For example, which of California’s 29 codes will this measure amend or add to or repeal? Sometimes, the legislative lawyer will have additional discussions to resolve any policy questions or to address specific issues that arise in the language being drafted that may not have been anticipated in the initial instructions.
Prior to commencing the bill drafting, the legislative lawyer will research ways to craft the best possible measure. This research often includes reviewing existing state statutes and regulations, any comparable laws in other states or at the federal level, as well as review of model or uniform laws, such as those promoted by the Uniform State Law Commission. After this research is conducted, the bill drafter will be able to visualize how the bill should be constructed and how the law changes or additions will work if the measure is enacted.
This work is benefitted by the legislative lawyer’s understanding of federal, state and local governments, their processes, and judicial decisions, as well as the area of law with which the attorney works (e.g., labor and employment, health and safety). The attorneys who work for the Office of Legislative Counsel work in certain subject areas so that they develop an expertise in the statutes and regulations and court decisions relevant to those areas of law. And, they have in-depth experience in drafting laws in those subject areas.
Will the bill, if adopted, accomplish its intended purpose? Does the bill’s title express the subject properly?
As one might imagine, in some cases, considerable research and study of the problem and area of law is required before actual legislative drafting commences. Once this research concludes, then the attorney will develop his or her plan for organizing and arranging the proposed content of the legislative measure. Clarity is a key drafting goal, and clear drafting begins with clarity of thought and construction. There is order and a logical sequence of legislation and that occurs first with an outline having been made.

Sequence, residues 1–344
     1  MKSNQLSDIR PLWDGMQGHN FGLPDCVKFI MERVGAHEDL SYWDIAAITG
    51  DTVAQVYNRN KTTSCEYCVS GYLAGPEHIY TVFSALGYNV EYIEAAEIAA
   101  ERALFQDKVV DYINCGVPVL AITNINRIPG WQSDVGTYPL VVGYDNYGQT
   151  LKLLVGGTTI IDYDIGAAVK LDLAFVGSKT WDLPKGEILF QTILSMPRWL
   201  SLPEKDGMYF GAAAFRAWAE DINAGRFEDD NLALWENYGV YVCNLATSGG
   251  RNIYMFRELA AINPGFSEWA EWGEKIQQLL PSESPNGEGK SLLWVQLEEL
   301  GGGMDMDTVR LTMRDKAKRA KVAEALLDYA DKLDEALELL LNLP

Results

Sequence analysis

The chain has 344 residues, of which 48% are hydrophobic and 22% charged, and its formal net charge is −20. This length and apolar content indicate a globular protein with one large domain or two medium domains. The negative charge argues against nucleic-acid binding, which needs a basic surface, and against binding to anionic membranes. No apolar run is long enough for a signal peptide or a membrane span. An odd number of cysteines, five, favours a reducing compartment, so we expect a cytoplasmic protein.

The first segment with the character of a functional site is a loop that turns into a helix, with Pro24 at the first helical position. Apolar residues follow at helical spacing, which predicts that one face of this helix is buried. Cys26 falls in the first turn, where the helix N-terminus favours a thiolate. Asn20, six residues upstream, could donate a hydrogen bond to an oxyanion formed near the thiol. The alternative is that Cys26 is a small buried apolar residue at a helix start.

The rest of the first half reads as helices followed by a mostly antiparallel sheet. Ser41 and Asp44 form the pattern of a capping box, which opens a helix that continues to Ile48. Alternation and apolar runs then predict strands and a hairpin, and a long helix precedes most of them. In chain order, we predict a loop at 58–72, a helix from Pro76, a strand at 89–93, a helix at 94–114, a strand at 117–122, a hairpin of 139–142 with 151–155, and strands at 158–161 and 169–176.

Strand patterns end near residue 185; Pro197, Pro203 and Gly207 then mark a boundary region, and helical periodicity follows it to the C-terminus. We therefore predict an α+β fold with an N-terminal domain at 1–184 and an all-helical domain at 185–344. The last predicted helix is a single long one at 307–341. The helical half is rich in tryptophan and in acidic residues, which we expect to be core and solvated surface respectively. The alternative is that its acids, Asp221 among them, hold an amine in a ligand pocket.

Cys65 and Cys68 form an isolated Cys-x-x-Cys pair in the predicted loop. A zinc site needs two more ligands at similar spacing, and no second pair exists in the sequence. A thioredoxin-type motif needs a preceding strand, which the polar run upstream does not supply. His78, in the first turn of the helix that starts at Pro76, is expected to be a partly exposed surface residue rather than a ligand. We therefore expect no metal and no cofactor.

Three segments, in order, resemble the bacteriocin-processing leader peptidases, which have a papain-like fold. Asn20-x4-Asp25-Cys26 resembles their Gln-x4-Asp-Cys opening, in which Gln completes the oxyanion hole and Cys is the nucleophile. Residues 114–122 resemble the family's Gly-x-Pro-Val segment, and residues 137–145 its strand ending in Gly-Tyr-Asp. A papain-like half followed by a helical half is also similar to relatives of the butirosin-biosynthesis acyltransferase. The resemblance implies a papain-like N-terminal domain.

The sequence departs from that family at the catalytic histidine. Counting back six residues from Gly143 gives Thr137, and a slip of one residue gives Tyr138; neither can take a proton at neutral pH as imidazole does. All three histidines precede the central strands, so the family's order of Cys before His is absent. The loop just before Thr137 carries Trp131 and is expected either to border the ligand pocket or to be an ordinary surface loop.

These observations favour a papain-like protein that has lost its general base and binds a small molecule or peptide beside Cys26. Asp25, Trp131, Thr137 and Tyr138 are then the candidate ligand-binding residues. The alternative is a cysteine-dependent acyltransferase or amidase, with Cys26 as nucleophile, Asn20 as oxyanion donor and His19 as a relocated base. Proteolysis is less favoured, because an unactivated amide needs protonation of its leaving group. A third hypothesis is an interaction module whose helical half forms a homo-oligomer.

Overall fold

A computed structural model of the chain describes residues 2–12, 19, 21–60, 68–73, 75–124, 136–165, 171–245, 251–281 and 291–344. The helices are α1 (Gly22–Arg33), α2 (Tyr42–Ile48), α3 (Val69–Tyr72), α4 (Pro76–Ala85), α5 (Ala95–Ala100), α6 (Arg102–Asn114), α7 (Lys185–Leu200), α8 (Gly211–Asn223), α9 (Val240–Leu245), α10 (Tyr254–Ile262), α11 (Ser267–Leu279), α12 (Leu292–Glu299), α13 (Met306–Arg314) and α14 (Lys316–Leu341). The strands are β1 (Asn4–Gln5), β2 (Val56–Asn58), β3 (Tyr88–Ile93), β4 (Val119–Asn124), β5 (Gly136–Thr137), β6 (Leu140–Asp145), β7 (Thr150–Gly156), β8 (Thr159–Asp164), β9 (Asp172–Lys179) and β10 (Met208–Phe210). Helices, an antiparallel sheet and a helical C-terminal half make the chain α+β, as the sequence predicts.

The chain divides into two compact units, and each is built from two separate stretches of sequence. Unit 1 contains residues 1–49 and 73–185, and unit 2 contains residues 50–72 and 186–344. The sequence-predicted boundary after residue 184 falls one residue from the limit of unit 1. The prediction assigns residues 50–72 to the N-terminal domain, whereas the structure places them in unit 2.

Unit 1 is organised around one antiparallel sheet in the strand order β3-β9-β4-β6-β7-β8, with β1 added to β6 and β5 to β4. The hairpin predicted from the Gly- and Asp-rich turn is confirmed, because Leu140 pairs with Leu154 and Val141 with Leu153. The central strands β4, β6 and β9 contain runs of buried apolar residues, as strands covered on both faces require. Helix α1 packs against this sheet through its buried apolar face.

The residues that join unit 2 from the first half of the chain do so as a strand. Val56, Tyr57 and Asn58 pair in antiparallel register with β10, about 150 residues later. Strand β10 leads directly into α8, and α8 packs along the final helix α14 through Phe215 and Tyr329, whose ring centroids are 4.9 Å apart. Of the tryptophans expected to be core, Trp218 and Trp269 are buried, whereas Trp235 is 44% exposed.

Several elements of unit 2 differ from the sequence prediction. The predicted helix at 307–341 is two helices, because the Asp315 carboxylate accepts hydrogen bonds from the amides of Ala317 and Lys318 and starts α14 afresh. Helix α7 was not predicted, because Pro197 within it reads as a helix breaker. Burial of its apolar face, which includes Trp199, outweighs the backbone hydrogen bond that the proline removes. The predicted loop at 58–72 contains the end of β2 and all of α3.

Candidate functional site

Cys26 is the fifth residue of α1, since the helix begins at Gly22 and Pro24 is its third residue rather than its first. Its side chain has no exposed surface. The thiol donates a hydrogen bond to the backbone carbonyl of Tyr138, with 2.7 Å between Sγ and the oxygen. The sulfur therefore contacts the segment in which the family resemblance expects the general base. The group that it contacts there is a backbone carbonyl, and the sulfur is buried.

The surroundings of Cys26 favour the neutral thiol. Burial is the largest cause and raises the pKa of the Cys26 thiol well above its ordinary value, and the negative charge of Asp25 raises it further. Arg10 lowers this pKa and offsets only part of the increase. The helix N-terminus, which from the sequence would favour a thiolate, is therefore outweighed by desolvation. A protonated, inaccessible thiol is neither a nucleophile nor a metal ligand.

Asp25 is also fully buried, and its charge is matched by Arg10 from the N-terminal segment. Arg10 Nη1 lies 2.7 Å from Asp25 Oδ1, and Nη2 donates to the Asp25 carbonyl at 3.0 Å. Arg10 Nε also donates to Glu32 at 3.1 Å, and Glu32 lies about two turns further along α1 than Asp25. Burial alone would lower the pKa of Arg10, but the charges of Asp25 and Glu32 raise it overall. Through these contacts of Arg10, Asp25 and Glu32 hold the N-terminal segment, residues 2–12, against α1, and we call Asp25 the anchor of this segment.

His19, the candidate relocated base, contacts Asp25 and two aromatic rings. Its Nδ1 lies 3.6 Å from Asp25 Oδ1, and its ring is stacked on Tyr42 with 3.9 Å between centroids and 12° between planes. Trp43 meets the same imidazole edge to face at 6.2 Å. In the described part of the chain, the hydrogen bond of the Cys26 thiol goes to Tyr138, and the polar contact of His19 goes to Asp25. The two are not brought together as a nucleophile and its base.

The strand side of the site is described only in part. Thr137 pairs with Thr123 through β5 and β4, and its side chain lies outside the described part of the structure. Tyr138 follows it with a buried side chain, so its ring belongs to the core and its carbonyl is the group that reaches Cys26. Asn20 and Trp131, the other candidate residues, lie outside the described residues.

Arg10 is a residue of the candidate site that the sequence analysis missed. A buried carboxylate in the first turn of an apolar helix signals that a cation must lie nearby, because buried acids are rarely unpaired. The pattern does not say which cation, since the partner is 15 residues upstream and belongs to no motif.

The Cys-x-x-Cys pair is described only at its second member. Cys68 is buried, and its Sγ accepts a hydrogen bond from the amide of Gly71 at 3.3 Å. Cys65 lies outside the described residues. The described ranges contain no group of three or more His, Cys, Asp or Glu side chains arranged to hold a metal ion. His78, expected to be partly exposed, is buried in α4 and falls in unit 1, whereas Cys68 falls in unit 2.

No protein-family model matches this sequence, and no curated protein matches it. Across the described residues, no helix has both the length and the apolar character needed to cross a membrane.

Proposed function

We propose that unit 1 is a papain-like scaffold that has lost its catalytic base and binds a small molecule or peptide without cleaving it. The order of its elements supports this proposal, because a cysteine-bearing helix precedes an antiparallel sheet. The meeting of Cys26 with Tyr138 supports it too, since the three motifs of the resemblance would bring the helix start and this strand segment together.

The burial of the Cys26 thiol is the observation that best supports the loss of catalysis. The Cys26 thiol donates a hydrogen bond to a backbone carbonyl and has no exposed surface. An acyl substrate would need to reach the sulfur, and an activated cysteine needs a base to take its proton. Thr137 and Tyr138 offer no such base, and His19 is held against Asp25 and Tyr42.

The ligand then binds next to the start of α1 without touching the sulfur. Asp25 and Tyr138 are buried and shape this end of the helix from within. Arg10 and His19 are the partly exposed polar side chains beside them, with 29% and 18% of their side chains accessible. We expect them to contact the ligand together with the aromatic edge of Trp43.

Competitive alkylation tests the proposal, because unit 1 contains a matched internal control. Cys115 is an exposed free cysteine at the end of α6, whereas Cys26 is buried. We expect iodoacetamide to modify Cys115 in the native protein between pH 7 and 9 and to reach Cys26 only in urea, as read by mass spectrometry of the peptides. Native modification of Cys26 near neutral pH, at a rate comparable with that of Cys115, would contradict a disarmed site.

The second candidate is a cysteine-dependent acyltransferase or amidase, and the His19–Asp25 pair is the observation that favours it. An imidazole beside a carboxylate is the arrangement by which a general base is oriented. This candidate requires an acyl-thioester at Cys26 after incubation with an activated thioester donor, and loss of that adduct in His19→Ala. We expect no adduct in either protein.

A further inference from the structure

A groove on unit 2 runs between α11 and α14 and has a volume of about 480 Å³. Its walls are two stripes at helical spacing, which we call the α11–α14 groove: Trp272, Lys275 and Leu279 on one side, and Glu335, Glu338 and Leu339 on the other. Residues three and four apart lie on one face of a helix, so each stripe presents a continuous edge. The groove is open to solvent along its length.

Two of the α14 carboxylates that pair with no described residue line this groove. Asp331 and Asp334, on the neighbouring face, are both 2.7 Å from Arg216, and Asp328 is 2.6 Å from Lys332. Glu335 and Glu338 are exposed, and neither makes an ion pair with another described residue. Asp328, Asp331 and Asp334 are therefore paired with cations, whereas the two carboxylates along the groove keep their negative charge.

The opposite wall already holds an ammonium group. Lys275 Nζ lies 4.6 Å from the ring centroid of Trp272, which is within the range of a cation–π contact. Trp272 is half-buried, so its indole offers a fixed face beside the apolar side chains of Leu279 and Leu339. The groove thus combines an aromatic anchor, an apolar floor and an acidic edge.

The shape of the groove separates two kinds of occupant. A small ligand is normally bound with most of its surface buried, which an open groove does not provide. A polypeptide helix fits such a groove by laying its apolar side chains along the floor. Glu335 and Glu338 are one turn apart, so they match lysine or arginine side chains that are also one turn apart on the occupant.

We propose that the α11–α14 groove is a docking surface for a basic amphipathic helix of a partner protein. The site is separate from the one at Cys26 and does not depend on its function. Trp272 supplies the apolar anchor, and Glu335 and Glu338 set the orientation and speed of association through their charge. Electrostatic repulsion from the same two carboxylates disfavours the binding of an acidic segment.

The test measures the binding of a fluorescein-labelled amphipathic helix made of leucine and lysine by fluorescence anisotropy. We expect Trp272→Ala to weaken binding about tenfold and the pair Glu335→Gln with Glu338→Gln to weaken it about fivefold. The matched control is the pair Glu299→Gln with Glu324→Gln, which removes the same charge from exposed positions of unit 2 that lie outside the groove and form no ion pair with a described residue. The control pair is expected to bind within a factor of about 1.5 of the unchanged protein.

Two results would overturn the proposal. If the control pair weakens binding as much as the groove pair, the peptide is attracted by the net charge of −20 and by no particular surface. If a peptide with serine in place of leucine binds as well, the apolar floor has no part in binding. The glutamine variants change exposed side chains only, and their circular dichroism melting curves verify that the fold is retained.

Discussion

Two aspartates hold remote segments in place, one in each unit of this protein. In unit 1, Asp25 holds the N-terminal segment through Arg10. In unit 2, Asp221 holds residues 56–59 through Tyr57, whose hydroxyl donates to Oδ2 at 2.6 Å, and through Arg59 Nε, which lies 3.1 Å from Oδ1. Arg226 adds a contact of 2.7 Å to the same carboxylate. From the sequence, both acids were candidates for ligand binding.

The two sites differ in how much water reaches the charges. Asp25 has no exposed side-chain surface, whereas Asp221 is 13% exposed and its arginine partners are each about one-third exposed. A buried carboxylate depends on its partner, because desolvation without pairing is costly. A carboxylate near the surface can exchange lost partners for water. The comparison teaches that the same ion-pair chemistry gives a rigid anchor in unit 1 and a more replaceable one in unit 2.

After outlining the proposed legislation, sometimes a number of drafts of a proposed bill are made by the legislative lawyer in order to ensure accuracy of the legislator’s intent. The bill drafter will consult with colleagues, receive feedback on his or her draft measure, and review a checklist to ensure the best possible measure is presented to the client legislator.
Some of the questions that the bill drafter may consider include: Will the bill, if adopted, accomplish its intended purpose? Does the bill’s title express the subject properly? Is the bill in the proper form? Are cross-references to other sections within the bill or existing statutes correct? Are provisions of the proposed bill properly integrated with existing statutes in California’s Codes? Is the bill language free of ambiguity or conflict? Is the language understandable to those who will be bound by the law or by those who will be required to implement the law?
During some crunch times of the annual legislative session, a deputy legislative counsel will have to do all of these tasks in less than a day. In the end, the work of the bill drafter is to prepare legislative measures that will best accomplish the stated goals of the drafter’s client – the legislative or executive branch official whose ideas must be put into legislative language and ultimately California’s Constitution or codes.
Editor’s Note: Chris Micheli, an attorney and adjunct professor at McGeorge School of Law, is a founder of the Sacramento lobbying firm Aprea & Micheli.